Investigating Cell Adhesion via Parallel Disk Rotational Flow: A Biocompatibility Study
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The major impact of this research lies in the aspect of improved design and long term biocompatibility of materials used for implants. There are two goals in this research. The first goal is to develop a methodology to quantitatively measure cell-material adhesion. The second goal is to obtain fundamental understanding of cell-material adhesion mechanisms. A rotating parallel disk is used to measure cell adhesion. The rotational system applies a controlled shear stress to the cultured cells. The shear stress experienced by the cells varies with radial location, being highest at the edge and zero at the disk?s center. There is a critical point along the radius where the shear stress experienced by the cells equals their adhesion strength. The cells outside it are removed and the cells inside it remain attached to the surface. NIH 3T3 Swiss mouse fibroblasts and chick retina neuron cells from 6-day embryos are used in this study. The fibroblasts were cultured on poly(methyl methacrylate) (PMMA), polycarbonate (PC), and on gold coated poly(vinylidene fluoride) (Au/PVDF). The critical shear stress for fibroblasts was the lowest for PC with 5.09 dynes/cm2 and highest for PMMA with 21.0 dynes/cm2. This four-fold difference is mainly due to the chemical structure of PMMA which promotes higher cell adhesion when compared to PC. Neurons were cultured on poly-D-lysine coated glass to promote cell adhesion. The critical shear stress of neuron cells varied from 3.94 to 27.8 dynes/cm2 these values are directly proportional to the applied shear stress. The neuron adhesion plateau at ~27 dynes/cm2 which indicates the maximum adhesion strength of the neuron/poly-D-lysine coated glass pair. This thesis contains six chapters. Chapter I describes the importance of cell adhesion for biocompatibility. Chapter II describes in more detail the goals of this research and the expected results. Chapter III lists all the materials, equipment, and methods used in this study. The most significant results are summarized in Chapter IV. The observations and results obtained are explained in detail in Chapter V and Chapter VI describes the key outcomes as well as proposes questions for the advancement of this research.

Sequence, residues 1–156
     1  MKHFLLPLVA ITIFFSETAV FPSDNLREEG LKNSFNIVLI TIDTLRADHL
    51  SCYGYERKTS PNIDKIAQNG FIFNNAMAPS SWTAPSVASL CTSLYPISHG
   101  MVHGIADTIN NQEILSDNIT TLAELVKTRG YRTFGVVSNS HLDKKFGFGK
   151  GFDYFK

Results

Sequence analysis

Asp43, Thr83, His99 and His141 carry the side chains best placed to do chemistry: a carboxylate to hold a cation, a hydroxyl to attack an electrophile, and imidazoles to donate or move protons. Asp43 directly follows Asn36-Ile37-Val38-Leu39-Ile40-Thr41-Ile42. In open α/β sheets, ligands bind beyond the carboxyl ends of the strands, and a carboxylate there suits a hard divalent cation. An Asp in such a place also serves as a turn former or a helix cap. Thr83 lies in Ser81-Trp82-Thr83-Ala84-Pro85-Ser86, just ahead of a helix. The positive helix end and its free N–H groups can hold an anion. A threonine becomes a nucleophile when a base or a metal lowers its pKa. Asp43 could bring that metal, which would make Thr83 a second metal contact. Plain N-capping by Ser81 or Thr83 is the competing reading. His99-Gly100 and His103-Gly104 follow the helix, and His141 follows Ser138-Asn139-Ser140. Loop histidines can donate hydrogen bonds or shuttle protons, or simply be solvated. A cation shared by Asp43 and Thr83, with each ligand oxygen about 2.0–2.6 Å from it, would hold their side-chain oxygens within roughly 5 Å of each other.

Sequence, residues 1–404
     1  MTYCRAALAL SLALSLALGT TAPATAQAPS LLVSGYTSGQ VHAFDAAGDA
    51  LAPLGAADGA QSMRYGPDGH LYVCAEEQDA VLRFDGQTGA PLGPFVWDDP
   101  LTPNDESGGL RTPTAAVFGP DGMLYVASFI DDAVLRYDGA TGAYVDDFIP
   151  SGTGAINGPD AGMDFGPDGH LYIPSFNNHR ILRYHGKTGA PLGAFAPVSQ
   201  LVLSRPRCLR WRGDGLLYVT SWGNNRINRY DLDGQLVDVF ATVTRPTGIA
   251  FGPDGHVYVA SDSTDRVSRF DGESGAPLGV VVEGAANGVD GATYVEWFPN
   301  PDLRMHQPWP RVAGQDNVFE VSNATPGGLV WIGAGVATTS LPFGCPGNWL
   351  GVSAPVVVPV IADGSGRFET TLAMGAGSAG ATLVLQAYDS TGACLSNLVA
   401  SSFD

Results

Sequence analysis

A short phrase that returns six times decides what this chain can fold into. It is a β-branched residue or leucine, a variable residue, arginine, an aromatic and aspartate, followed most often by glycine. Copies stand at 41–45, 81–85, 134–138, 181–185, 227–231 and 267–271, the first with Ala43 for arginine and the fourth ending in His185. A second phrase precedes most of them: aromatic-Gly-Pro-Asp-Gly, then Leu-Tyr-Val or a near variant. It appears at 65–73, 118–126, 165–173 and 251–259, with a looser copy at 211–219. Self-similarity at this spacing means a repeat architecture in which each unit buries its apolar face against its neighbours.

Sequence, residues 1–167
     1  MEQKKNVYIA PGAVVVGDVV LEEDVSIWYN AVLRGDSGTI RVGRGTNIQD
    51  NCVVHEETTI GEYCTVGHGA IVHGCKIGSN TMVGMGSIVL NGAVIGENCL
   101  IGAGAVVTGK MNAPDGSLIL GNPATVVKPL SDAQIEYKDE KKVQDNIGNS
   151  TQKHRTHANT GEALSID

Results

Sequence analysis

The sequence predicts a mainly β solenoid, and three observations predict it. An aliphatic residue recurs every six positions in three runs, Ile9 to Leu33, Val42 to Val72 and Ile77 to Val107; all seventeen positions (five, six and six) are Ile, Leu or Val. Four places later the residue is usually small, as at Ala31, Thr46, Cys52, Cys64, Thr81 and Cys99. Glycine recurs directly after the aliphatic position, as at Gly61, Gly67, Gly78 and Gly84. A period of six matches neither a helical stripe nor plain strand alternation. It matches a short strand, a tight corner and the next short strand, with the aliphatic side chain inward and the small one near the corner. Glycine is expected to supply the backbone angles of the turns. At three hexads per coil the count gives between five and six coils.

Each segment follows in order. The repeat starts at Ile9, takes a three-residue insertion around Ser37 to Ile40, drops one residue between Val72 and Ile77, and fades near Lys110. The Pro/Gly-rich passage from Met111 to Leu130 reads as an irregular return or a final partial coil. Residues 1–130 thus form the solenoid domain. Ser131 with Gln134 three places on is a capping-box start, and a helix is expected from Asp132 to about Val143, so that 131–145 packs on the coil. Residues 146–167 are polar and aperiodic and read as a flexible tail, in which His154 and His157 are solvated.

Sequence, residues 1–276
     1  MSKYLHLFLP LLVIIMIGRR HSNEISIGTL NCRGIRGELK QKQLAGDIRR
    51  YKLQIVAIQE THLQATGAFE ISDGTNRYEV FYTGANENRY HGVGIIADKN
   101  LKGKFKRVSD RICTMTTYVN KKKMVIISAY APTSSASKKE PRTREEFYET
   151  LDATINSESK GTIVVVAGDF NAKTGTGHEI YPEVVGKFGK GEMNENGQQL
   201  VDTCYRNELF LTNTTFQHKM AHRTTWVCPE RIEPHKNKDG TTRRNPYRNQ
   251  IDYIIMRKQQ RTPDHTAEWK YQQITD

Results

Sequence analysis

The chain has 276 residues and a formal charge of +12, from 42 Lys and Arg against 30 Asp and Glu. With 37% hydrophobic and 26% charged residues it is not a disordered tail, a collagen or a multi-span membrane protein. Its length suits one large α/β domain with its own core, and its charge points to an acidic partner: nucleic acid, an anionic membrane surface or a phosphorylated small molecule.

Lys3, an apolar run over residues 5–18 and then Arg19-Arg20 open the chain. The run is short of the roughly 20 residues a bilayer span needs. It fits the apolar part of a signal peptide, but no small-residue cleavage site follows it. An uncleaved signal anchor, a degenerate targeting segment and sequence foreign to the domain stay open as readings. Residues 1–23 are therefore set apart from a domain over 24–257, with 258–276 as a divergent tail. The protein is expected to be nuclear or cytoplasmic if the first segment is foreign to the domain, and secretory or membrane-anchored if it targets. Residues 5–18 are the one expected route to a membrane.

Rocha, Aracely (2008). Investigating Cell Adhesion via Parallel Disk Rotational Flow: A Biocompatibility Study. Master's thesis, Texas A&M University. Available electronically from